At last came the young king’s escort; there were four hundred archers, among whom a hundred Scots formed a line on each side, while two hundred of the most illustrious knights marched on foot beside the prince, carrying heavy arms on their shoulders. In the midst of this magnificent escort advanced Charles VIII, both he and his horse covered with splendid armour; an his right and left marched Cardinal Ascanio Sforza, the Duke of Milan’s brother, and Cardinal Giuliano della Rovere, of whom we have spoken so often, who was afterwards Pope Julius II. The Cardinals Colonna and Savelli followed immediately after, and behind them came Prospero and Fabrizia Colonna, and all the Italian princes and generals who had thrown in their lot with the conqueror, and were marching intermingled with the great French lords.
For a long time the crowd that had collected to see all these foreign soldiers go by, a sight so new and strange, listened uneasily to a dull sound which got nearer and nearer. The earth visibly trembled, the glass shook in the windows, and behind the king’s escort thirty-six bronze cannons were seen to advance, bumping along as they lay on their gun-carriages. These cannons were eight feet in length; and as their mouths were large enough to hold a man’s head, it was supposed that each of these terrible machines, scarcely known as yet to the Italians, weighed nearly six thousand pounds. After the cannons came culverins sixteen feet long, and then falconets, the smallest of which shot balls the size of a grenade. This formidable artillery brought up the rear of the procession, and formed the hindmost guard of the French army.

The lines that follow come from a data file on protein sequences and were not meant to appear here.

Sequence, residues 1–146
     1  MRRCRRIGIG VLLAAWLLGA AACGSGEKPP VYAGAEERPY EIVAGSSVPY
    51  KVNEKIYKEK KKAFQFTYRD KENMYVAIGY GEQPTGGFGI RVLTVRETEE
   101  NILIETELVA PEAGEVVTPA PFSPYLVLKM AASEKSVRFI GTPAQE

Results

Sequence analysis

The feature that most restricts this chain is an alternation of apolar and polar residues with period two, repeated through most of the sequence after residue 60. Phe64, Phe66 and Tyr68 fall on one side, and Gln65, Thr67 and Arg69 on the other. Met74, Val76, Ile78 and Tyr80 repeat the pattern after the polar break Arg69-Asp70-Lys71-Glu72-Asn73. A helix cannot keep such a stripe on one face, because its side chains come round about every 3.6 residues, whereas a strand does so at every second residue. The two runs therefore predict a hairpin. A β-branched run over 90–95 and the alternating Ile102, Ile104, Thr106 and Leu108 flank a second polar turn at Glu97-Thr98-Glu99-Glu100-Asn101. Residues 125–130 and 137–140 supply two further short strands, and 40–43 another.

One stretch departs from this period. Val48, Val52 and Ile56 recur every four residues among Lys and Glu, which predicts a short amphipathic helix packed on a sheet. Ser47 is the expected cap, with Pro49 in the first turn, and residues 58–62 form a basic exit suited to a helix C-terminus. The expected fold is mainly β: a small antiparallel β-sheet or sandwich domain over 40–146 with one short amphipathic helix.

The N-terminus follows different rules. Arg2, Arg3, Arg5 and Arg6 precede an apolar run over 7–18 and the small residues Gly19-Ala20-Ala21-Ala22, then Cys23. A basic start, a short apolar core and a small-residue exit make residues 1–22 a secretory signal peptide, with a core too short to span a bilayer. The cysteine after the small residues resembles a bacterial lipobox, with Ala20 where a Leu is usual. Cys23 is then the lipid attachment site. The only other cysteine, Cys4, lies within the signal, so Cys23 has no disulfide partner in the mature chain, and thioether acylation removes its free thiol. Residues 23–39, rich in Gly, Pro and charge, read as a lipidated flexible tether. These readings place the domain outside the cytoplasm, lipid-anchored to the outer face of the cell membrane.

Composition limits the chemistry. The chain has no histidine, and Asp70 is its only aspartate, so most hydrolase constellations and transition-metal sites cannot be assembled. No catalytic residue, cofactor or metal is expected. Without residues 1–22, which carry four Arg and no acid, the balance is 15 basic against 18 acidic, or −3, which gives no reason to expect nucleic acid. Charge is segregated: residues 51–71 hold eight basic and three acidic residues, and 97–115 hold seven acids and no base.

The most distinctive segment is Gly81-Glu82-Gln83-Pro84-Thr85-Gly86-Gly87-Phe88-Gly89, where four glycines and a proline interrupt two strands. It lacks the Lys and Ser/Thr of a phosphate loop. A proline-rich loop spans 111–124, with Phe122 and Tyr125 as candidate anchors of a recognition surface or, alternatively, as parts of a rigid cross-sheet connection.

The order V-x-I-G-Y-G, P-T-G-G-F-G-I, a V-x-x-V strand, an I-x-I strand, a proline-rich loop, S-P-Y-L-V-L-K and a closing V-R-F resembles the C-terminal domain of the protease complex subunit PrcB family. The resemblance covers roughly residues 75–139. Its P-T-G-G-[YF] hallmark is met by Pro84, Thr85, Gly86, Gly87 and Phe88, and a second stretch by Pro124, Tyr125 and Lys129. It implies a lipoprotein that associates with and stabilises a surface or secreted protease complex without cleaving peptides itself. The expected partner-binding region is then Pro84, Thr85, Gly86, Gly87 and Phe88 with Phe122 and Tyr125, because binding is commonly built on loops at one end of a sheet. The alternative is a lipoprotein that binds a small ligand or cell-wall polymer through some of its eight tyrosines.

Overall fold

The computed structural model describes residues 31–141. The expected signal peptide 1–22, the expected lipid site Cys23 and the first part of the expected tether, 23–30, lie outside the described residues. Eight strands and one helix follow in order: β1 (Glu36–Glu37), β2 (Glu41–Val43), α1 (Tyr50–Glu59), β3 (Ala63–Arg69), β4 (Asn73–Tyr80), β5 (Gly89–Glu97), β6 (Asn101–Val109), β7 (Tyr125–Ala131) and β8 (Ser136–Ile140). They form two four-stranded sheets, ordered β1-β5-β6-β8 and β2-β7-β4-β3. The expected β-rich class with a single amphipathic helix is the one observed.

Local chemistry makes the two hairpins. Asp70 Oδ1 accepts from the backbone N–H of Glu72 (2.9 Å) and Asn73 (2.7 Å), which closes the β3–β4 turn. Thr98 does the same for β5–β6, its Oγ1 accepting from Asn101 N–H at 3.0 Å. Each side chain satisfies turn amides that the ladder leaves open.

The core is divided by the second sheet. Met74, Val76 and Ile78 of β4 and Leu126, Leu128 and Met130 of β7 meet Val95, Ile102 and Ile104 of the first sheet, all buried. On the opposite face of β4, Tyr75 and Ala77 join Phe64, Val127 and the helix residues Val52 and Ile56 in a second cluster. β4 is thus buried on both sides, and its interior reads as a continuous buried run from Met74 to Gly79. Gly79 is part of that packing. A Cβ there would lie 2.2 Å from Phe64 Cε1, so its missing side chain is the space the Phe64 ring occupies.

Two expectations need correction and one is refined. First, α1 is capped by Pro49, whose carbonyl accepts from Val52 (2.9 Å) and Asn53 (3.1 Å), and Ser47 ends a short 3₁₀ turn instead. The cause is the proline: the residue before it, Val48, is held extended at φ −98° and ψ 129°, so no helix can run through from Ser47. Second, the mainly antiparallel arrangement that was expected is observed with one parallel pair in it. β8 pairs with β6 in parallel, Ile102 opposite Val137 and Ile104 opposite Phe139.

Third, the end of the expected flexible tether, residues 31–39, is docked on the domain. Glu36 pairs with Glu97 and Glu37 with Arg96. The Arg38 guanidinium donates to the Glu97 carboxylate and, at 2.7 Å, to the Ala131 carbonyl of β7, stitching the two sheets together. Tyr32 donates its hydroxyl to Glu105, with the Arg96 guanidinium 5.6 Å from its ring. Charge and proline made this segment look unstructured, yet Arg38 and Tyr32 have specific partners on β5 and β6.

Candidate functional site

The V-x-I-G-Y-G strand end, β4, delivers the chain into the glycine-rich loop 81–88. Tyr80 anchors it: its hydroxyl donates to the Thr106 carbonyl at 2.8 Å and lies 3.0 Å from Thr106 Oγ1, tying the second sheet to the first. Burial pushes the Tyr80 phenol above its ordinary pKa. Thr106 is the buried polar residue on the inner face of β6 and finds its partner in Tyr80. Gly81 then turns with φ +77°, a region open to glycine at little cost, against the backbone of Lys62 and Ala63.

It was six hours since the front guard entered the town; and as it was now night and for every six artillery-men there was a torch-bearer, this illumination gave to the objects around a
more gloomy character than they would have shown in the sunlight. The young king was to take up his quarters in the Palazzo di Venezia, and all the artillery was directed towards the plaza and the neighbouring streets. The remainder of the army was dispersed about the town. The same evening, they brought to the king, less to do honour to him than to assure him of his safety, the keys of Rome and the keys of the Belvedere Garden just the same thing had been done for the Duke of Calabria.